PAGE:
The common objections to Superman tend to amount to the idea that he’s boring, usually expressed by the idea that nothing ever challenges him, that everything is too easy to be interesting. I’ve always found that to be a pretty fallacious argument, because superhero stories generally manage questions of scale effectively. You can say that you find the threats faced by Superman unbelievable, but not that he’s not threatened – he’s routinely put up against his betters in power, or his ostensible equals in ingenuity. He often wins, but that’s because he’s the hero of the story, and they usually do, at least in superhero stories. There’s no qualitative difference in six guys with sticks fighting Daredevil and six guys with space lasers fighting Superman in terms of the threat; the actual threat level is zero, it’s an invented scenario, and the characters are in the same amount of danger at all times – whatever the author wants to happen to them will happen. No-one ever says The Hulk isn’t threatened, or at least, not in the way they talk about Superman.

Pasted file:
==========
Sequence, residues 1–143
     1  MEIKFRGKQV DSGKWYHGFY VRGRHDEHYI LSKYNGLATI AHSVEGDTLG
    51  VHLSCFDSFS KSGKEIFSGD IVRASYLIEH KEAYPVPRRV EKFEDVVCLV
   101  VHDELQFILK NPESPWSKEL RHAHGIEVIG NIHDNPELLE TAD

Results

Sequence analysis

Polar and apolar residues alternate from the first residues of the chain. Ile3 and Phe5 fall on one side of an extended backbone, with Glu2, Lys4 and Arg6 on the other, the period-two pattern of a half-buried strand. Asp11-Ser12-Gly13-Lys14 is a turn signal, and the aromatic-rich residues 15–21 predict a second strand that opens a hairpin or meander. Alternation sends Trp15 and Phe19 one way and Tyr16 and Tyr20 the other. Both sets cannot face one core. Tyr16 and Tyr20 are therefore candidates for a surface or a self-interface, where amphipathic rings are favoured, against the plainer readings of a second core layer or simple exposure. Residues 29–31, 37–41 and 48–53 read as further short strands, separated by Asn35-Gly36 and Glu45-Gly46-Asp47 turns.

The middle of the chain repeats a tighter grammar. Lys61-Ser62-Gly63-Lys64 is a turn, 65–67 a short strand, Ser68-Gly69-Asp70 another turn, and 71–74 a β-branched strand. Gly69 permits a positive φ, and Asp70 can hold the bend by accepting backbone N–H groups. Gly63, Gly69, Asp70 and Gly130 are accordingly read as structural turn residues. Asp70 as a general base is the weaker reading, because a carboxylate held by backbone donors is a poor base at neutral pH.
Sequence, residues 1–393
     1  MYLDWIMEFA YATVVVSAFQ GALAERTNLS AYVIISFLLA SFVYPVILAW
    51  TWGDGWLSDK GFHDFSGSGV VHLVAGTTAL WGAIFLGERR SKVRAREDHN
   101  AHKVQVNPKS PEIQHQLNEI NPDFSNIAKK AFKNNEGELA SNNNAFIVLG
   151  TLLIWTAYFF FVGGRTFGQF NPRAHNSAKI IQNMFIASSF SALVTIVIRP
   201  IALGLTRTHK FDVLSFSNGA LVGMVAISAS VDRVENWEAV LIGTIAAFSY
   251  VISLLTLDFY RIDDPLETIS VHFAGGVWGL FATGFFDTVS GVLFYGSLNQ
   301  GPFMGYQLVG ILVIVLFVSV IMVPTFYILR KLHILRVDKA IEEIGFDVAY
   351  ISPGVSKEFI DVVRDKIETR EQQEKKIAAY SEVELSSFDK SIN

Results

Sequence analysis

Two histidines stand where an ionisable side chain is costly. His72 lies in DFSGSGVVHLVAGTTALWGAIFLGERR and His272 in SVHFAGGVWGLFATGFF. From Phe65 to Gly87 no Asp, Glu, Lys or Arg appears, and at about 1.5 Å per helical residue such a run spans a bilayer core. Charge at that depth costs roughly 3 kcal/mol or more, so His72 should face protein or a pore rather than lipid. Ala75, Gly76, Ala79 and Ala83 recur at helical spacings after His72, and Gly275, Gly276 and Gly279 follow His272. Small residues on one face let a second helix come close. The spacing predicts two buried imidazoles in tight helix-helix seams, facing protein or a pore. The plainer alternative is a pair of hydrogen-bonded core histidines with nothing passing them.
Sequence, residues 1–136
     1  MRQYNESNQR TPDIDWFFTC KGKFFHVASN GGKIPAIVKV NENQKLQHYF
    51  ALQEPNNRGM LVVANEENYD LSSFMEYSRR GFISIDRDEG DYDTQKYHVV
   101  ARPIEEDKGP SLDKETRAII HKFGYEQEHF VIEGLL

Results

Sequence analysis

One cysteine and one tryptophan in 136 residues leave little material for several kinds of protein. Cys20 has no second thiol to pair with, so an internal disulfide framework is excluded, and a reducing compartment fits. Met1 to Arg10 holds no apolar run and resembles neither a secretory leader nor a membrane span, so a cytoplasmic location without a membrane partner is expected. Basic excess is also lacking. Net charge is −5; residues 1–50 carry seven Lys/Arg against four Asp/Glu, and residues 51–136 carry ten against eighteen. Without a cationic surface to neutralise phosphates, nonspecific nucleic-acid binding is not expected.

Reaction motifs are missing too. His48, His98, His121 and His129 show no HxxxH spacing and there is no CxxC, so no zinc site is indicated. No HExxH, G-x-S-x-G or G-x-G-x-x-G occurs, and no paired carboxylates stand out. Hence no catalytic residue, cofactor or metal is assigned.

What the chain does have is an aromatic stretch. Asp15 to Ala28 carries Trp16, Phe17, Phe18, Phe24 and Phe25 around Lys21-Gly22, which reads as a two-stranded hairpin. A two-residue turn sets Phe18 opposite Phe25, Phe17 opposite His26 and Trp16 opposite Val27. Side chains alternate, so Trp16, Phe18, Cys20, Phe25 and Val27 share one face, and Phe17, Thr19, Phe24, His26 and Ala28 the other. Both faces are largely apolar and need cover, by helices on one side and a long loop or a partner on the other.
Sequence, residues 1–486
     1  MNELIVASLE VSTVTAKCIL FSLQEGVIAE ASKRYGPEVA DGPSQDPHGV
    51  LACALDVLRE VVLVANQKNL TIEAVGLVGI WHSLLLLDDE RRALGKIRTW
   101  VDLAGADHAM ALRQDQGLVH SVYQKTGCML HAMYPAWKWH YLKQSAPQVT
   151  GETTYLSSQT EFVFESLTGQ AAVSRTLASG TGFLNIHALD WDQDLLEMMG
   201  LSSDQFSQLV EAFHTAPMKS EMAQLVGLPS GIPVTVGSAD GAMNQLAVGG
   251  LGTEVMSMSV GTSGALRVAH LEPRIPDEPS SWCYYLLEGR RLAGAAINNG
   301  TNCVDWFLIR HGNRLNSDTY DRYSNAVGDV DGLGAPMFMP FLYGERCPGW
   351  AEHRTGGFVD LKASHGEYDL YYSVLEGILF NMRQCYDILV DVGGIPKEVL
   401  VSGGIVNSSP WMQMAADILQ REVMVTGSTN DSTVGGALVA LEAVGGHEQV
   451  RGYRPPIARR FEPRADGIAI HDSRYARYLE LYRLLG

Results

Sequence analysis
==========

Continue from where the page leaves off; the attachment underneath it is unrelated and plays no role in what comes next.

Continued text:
If your argument is that he’s too “cosmic”, that space aliens and herculean feats feel too “big” for you, that’s a different story, and I hear that argument bandied about a bit too. I’d be much more inclined to believe it if I heard it more often about any of the other fundamentally implausible superhero characters. But while there are always personal preferences, the numbers don’t stack up – readers (in so far as the word ‘droves’ can apply to comic books nowadays) flock to equally implausible premises, the Flash has proven successful on TV and for all the complaints leveled at the Thor films, the fantastic setting is rarely among them.

So, what are we left with? That he’s a milquetoast, a goody-goody. For all the jokes about it, however, no-one seems to count that as a principle mark against Captain America, or Captain Marvel, or any other character you might choose to seek to raise to moral stakes. These are stories about heroes for the most part after all, and heroes tend to be – on average – good folks.

These are all questions, and I said I was thinking about answers, I know. So, what do I think it is?

I think it comes down to the assumed nature of the audience, and the assumed nature of their wish-fulfillment fantasy.

It’s no secret that WB/DC is actively courting, as its primary demographic, males between 15 and 35. Studies suggest that the lower end of that age range may not be their core demographic at all – at the very least- but it’s the demographic where they’re targeting their marketing and their aimed appeal. So, why don’t they want Superman?